Via Damien Boey at Credit Suisse:
Minutes from the RBA’s early August meeting were somewhat dovish in tone. We note the following key paragraphs:
- The Bank’s response function only allows for a brief pause to “wait and see”: “Having eased monetary policy at the previous two meetings, the Board judged it appropriate to assess developments in the global and domestic economies before considering further change to the setting of monetary policy. Members would consider a further easing of monetary policy if the accumulation of additional evidence suggested this was needed to support sustainable growth in the economy and the achievement of the inflation target over time.”
- Unconventional monetary policy is on the agenda: “Members reviewed the experience of other advanced economies with unconventional monetary policy measures over the preceding decade. These measures comprised: very low and negative policy interest rates; explicit forward guidance; lowering longer-term risk-free rates by purchasing government securities; providing longer-term funding to banks to support credit creation; purchasing private sector assets; and foreign exchange intervention … One key lesson was that the effectiveness of these measures depended upon the specific circumstances facing each economy and the nature of its financial system. Some measures had been successful in reducing government bond yields, which had flowed through to lower interest rates for private borrowers. Other measures had been effective in addressing dislocations in credit supply. Members noted that a package of measures tended to be more effective than measures implemented in isolation. Finally, it was important for the central bank to communicate clearly and consistently about these measures.”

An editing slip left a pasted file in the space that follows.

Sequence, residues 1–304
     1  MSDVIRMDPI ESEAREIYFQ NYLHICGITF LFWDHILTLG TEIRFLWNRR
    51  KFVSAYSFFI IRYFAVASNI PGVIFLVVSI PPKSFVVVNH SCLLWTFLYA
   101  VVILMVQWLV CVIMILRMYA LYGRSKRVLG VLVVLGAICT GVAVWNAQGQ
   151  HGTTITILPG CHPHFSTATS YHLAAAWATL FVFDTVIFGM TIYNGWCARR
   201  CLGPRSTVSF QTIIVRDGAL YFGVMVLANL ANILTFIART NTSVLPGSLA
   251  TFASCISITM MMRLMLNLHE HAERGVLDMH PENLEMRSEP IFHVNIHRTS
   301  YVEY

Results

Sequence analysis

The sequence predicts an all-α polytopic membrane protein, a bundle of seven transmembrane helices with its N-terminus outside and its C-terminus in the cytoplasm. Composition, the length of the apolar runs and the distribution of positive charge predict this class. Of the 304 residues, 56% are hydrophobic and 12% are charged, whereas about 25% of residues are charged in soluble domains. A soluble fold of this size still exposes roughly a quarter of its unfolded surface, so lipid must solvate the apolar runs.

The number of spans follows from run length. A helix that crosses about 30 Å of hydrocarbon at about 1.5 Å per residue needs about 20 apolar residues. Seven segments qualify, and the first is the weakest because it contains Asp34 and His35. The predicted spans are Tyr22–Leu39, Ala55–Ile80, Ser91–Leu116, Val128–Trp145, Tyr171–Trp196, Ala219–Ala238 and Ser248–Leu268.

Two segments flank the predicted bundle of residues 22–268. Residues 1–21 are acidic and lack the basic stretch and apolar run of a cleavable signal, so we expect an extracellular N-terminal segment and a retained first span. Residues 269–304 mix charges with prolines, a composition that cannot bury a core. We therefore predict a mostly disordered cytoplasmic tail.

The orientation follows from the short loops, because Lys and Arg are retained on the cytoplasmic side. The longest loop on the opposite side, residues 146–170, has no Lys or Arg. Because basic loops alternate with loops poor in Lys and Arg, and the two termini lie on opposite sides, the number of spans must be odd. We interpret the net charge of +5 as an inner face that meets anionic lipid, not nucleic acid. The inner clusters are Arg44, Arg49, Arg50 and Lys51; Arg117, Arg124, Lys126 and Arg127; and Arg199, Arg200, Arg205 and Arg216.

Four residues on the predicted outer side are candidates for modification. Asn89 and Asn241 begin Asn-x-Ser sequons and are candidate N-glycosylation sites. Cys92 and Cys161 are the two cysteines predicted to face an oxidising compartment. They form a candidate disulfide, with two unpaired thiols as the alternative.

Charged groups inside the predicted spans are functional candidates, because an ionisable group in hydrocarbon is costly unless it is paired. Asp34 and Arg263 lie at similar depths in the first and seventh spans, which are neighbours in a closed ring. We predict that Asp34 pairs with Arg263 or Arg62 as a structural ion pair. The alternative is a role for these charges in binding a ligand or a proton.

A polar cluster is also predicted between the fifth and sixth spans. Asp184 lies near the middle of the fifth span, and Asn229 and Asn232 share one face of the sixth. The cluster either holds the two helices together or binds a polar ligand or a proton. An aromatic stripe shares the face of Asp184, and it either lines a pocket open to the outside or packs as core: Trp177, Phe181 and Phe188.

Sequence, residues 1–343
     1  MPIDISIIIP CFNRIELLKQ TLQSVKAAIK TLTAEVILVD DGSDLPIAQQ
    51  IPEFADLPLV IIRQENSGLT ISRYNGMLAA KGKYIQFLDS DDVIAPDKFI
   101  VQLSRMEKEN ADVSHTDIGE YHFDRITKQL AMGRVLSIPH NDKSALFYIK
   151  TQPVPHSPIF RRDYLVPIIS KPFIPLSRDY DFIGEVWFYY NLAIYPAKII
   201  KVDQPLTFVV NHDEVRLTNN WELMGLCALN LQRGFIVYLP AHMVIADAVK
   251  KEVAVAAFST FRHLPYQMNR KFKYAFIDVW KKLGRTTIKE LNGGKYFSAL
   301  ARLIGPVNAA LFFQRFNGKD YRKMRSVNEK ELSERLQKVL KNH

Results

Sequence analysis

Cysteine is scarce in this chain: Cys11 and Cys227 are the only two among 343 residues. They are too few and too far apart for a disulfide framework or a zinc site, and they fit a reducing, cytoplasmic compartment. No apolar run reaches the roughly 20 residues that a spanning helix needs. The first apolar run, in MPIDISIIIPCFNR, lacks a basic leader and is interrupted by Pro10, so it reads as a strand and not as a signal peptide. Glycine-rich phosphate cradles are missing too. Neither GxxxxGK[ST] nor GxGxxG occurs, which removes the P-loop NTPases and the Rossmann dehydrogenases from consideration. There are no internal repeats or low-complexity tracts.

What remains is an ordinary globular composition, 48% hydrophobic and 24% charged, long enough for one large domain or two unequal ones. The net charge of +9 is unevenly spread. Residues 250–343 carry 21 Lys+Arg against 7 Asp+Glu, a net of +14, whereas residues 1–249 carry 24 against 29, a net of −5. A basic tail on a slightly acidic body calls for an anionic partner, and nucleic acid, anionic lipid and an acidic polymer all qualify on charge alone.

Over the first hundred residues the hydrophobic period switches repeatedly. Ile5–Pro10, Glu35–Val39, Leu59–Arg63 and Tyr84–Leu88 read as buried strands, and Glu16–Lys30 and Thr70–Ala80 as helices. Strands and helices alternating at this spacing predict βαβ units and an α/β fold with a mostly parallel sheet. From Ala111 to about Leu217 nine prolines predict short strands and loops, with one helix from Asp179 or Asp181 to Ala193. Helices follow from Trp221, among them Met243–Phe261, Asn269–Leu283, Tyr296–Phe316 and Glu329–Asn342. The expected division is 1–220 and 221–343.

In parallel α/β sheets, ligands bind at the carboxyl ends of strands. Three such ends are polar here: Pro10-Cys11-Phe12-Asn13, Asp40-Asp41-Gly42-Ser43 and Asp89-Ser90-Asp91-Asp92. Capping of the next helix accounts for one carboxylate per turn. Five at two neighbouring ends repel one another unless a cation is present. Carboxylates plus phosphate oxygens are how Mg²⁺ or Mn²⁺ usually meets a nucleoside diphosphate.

- There is downside risk to the global growth outlook from trade and technology disputes: “Growth in major trading partners was expected to slow a little in 2019 and 2020. This outlook had been revised down a little since the May Statement on Monetary Policy in light of the escalation of the US–China trade and technology disputes and the related weakness in indicators of investment. Members noted the recent announcement by the US administration of a 10 per cent tariff to be imposed on a further US$300 billion of Chinese exports to the United States. Further escalation presented a downside risk to the outlook, particularly if heightened uncertainty weighed further on business investment. Members noted that investment intentions had already eased significantly in a number of economies, including the United States and the euro area, and investment had fallen in a number of economies with a high exposure to international trade, including South Korea.”
Officials discussed “particularly weak” growth in consumption per capita, but were hopeful that tax cuts and rate cuts would help turn growth around. Officials were also hopeful that the terms of trade boost would flow through to some mining capex growth and to government spending.
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